Intermodal transportation uses a combination of two or more carrier options to move around 25 million containers each year. With some clear benefits including cost-saving and time-efficiency, greater scalability, and reduced risk, the environmental advantages of intermodal are perhaps most interesting and surprising of all.
While a multi-carrier approach to transporting freight might not sound the most environmentally friendly, in fact, the opposite is true.
For companies looking to reduce their carbon footprint, intermodal might just provide the solution. Here’s how it shapes up.
Intermodal Fuel Consumption and Carbon Footprint
Freight trains are an often crucial part of intermodal transportation. Their increased fuel-efficiency over long-haul freight trucks helps to cut down the fuel needed to transport the shipment and reduces its overall carbon footprint.
Trains operate at a higher speed and capacity than OTR while experiencing decreased air resistance so they are able to do more work using less energy. This of course cuts costs, but from an environmental standpoint more importantly reduces emissions and the need for fossil fuels.
The Environmental Protection Agency estimates that replacing OTR with intermodal rail for shipments further than 1,000 miles will cut greenhouse gas emissions by up to 65%.
Once trucks are required, the shorter distances and flexibility necessary for that leg of the journey mean smaller trucks become the better option. These tend to be more fuel-efficient than their larger diesel-powered counterparts helping to further increase the environmental advantages of choosing intermodal transport.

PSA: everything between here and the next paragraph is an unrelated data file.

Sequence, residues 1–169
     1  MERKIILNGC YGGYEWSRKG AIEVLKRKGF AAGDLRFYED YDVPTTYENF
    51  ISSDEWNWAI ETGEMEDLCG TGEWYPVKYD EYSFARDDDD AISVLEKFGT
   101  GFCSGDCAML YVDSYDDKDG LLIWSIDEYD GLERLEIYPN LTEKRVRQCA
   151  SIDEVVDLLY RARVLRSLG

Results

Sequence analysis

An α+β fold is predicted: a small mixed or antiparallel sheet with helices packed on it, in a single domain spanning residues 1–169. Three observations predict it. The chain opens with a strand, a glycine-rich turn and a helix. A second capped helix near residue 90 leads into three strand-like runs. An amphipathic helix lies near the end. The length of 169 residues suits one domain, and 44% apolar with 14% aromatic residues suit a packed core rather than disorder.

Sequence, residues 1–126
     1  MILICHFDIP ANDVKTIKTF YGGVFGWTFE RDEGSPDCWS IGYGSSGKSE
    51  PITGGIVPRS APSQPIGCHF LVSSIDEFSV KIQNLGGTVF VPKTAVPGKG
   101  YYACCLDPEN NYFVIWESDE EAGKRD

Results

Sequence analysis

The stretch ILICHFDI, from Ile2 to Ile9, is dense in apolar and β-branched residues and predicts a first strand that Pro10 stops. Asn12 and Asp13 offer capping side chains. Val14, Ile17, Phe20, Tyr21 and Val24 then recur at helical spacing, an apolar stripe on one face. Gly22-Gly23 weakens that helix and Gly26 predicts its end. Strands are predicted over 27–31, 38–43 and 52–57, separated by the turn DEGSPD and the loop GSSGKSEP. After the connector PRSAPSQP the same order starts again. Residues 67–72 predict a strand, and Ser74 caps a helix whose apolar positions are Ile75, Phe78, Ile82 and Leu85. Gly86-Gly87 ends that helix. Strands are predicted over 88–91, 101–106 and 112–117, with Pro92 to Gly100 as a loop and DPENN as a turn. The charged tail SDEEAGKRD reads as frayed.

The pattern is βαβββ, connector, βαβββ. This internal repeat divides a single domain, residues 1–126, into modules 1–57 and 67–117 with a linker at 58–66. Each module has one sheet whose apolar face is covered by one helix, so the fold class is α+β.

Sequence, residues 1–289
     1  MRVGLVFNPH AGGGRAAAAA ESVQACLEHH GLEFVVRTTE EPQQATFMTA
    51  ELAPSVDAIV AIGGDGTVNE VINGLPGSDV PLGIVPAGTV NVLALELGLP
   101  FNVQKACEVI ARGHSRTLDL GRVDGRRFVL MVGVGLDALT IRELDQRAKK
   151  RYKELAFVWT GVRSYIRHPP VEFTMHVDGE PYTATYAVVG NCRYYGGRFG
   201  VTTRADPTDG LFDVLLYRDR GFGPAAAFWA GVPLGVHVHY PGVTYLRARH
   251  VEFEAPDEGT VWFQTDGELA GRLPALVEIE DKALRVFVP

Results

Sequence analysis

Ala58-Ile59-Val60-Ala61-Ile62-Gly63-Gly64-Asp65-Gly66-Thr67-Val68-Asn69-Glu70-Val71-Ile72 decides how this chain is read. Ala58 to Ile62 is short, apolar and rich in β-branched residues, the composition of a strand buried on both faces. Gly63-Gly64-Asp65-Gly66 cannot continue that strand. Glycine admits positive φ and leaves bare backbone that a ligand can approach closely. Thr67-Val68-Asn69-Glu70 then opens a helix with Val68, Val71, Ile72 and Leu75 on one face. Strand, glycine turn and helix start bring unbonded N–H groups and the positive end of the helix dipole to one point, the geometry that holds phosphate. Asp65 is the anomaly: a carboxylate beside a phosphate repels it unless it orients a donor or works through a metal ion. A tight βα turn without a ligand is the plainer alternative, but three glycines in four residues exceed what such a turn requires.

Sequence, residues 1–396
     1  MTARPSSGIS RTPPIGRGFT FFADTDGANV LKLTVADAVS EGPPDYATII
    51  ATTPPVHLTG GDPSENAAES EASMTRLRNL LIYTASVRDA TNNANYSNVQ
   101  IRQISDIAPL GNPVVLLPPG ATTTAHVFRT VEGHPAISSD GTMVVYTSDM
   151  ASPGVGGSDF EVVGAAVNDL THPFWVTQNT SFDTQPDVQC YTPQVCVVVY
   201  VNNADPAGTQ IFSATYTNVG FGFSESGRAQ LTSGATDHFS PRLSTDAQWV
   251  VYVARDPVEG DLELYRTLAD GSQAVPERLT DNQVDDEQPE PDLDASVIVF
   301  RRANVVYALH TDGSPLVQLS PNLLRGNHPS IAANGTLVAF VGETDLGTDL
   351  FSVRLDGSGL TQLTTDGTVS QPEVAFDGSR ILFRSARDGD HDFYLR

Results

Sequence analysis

For overseas shipping, modern cargo ships are able to carry more of the space-efficient intermodal containers per load, reducing the need for additional trips. The efficiency of the containers has a knock-on effect to loading and unloading time, reducing the need for additional resources at port.
Intermodal shipping uses containers made from steel or aluminum for weight reduction and increased space efficiency. These hard-wearing materials can be reused over and over, eliminating the need for single-use palettes or other shipping materials.
When they’re no longer fit for shipping, many are repurposed into storage containers, on-site offices or quirky small houses. Failing that both steel and aluminum can be recycled, allowing them to take on another life and preventing a build-up in landfill.
The reusable materials used in intermodal shipping help to reduce its impact on the planet and are yet another environmental advantage to a multi-transport system.
Impact on Air Pollution
Contrary to what you might think, shipping via multiple transport options reduces air pollution.
Intermodal reduces the number of diesel-powered freight trucks on the roads by prioritizing trains for the majority of the domestic shipping journey. This helps to reduce congestion on highways and in and around cities and prevent a build up of idle traffic. Reducing traffic on the road and opting for more fuel efficient means of transportation lowers the levels of air pollution.
As the world sets tighter emission targets and implements new environmental policies, intermodal could become the greener future of transportation. At CIE Manufacturing we continue to lead the intermodal evolution by bringing our customers cutting-edge technology and advanced processes to aid in their intermodal shipping journey. Contact us to find out how we can help your business succeed today.